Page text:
The emergence of COVID-19 has drastically influenced consumer behaviour and sentiments. Right from reduced shopping to paying less importance to brands, consumer behaviours have shifted rapidly in recent months.
While the markets were moving towards a customer-centric paradigm, the coronavirus outbreak has conveniently disrupted consumer sentiments putting marketers in an unfamiliar and unexpected situation marking the beginning of an uphill road for retailers, supply chains, and businesses.
Let’s dive in to know a little more on how the COVID-19 crisis has changed consumer behaviour and sentiments.
The transition from luxury buying to panic buying
As WHO announced the spread of the novel coronavirus, people responded by stocking daily household essentials like toiletries and groceries and medical supplies like hand sanitizers and masks. This sudden shift in consumer preferences created a problem for online and physical stores to stock their inventory.
In simple terms, consumers tend to respond differently than usual in the face of an uncertain and uncontrollable situation. Paul Marsden, a consumer psychologist at the University of London has disseminated interesting information about panic buying and explains it as a fundamental psychological need. According to him the needs can be classified as below:
- Autonomy – the need to feel in control of your actions
- Relatedness – the need to feel that we are doing something to benefit our families
- Competence – the need to feel like smart shoppers and make the right choice
These psychological factors aren’t new and are the crux of retail therapy (a response to various types of personal crises). However, in a pandemic situation, they come with added layers.
According to Nielsen’s study, consumers are going through six behavioural changes as a result of the COVID-19 pandemic.
- Proactive health-minded buying: Buy preventative health and wellness products
- Reactive health management: Purchase protective medical supplies like masks and hand sanitizers
- Pantry preparation: Stocking groceries and household essentials
- Quarantine preparation: Fewer visits to brick and motor stores for shopping
- Restricted living: Online shopping to stock essentials
- A new norm: Altered supply chain post quarantine and coronavirus
The market research company, Nielsen, claims that as consumers follow the above mentioned behavioural trajectory, their buying personas alter significantly which in turn disrupt inventory and product categories. The product categories that are most likely to be affected are health and safety products, shelf-stable goods, food and beverage, digital streaming, luxury goods and fashion and apparel.
How the fear of recession influenced consumer behaviour
The advent of the coronavirus has created volatility in the economy, much more complex than the 2003 financial crisis. This has led to high levels of anxiety regarding unemployment among the global population and consequently has reduced the shopping frequency of consumers. Additionally, the unstable economy has made them rethink their usual cart items to save money for the future.
In other terms, consumers are functioning on a “Hibernate and Spend” mode, mostly the ones aged between 18 to 44(EY). The people who are above 45 have suffered the highest degree of anxiety regarding the recession. While 78% of the aged crowd are shopping less frequently, 64% of them are only purchasing essentials, and 33% of them are less concerned about brands at this point (EY).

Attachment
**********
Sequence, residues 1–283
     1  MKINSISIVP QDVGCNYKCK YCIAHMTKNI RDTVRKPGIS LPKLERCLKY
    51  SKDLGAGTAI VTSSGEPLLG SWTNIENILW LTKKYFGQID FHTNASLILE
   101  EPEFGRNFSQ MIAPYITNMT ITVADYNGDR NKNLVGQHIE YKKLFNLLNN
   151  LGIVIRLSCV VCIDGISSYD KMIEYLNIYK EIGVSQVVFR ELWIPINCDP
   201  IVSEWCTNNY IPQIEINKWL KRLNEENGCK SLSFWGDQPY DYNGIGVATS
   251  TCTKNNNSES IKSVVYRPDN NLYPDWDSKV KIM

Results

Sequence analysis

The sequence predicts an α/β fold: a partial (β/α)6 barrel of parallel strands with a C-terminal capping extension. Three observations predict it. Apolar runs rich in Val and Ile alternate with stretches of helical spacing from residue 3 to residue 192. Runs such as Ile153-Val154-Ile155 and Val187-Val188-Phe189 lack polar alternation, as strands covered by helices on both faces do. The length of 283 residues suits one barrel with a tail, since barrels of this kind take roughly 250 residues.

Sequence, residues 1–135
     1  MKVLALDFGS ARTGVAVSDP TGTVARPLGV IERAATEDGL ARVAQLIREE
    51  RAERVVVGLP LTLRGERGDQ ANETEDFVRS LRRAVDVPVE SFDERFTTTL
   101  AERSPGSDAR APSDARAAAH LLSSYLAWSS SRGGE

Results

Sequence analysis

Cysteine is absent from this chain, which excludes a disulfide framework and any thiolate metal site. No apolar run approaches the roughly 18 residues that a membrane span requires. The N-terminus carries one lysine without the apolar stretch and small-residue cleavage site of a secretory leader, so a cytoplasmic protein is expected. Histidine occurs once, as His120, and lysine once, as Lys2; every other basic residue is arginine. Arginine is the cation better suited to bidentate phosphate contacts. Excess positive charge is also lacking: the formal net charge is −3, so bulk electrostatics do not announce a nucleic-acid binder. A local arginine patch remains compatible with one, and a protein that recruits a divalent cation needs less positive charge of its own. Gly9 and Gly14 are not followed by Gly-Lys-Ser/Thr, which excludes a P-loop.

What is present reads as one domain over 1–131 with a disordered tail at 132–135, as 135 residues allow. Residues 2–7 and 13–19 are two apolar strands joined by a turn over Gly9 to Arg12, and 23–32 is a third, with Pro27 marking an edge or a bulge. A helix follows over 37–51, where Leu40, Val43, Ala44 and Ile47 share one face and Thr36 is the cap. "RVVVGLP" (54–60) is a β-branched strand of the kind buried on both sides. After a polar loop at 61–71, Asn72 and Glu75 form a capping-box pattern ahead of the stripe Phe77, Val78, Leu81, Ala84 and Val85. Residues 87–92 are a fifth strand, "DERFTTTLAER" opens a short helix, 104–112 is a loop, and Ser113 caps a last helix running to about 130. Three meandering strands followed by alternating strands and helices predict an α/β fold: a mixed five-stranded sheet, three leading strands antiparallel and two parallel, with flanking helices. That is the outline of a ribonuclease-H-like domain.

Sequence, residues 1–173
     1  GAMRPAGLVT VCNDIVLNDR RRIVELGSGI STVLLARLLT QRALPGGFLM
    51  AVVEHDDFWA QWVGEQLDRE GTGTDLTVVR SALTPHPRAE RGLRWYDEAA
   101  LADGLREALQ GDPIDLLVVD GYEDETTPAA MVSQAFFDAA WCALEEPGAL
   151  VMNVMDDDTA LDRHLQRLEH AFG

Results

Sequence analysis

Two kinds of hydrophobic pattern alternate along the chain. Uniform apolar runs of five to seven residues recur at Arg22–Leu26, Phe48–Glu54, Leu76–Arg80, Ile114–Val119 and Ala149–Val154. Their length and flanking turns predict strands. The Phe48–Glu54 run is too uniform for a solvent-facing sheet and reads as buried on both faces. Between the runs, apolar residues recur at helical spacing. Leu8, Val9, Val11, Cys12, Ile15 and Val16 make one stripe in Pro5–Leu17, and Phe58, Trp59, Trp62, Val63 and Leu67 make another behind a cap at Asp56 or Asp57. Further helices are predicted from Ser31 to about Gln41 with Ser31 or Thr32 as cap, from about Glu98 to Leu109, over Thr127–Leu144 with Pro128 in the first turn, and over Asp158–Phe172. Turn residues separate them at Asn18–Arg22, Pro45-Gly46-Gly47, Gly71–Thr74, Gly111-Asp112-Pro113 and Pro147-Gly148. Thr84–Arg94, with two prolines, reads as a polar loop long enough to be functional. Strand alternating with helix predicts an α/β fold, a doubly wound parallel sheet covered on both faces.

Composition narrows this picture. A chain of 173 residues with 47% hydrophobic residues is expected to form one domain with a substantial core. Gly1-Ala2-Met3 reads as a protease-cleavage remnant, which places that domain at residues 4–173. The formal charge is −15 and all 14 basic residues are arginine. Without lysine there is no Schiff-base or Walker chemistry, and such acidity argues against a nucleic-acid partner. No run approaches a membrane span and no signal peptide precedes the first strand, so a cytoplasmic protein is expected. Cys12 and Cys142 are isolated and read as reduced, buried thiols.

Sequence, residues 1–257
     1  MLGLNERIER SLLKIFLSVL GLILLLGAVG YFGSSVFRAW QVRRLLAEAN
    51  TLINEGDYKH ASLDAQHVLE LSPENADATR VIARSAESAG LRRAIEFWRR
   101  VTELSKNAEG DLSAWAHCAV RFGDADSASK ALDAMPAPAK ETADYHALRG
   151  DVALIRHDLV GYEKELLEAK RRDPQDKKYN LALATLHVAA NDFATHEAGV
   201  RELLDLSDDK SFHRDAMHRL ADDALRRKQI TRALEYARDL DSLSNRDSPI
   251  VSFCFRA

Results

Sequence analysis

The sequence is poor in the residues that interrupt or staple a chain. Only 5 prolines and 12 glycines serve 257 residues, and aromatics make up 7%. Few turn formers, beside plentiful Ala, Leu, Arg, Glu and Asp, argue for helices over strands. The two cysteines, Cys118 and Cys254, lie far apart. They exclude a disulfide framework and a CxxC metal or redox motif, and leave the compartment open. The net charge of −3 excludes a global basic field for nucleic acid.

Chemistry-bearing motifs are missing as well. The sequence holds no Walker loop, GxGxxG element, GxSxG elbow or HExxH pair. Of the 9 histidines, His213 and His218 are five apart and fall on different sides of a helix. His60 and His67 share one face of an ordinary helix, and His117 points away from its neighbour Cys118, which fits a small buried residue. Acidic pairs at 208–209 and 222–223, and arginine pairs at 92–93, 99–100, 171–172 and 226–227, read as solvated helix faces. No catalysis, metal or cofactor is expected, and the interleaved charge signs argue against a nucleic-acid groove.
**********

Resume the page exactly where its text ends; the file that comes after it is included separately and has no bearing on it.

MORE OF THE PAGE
COVID-19 impact on consumer sentiments & online consumer behaviour
Consumer sentiments are the driving factors of consumer buying behaviours. COVID-19 has deeply impacted consumer emotions which has dramatically changed their shopping behaviours. Looking through a generation lens, Gen Z’s and millennials are more concerned about the impact of the pandemic on the economy than the Boomers. A study of the U.S and U.K consumers has revealed that 96% of the youngest generation is greatly concerned about the Coronavirus and its impact on the global economy compared to older generations. Consequently, they are spending less on travel experiences and unnecessary items (Bigcommerce).
Looking at the situation in a more granular way , shopping behaviour of men and women has differed in the light of the COVID-19 pandemic. Men seem to prefer online shopping more than women. The lockdown rule which was posed as a primary measure to contain the spread of the coronavirus has led to an upsurge in eCommerce sales. Grocery eCommerce, subscription and convenience services have seen a significant upward curve in revenue and conversion in the course of lockdown.
Vietnam witnessed the largest upswing in e-commerce shopping – 57% of consumers have shifted their purchase to online, whereas 55% in India, 50% in China, 31% in Italy has also seen a rapid increase in online shopping (Warc).
The road ahead: Consumer behaviour post COVID-19
According to a global survey conducted by Mckinsey, 75% of consumers anticipate a long-term impact on their routines and finances.
The COVID-19 pandemic has not only disturbed consumer buying behaviours but also has created a ‘waste nothing’ sentiment among consumers. The pandemic situation has caused mankind to pause and reflect on their spending behaviour and has made them conscious about the aftermath of the COVID-19. Significant changes will be reflected on consumer behaviour and sentiments in the next normal post COVID-19 crisis and companies will recover as per their adaption capabilities.
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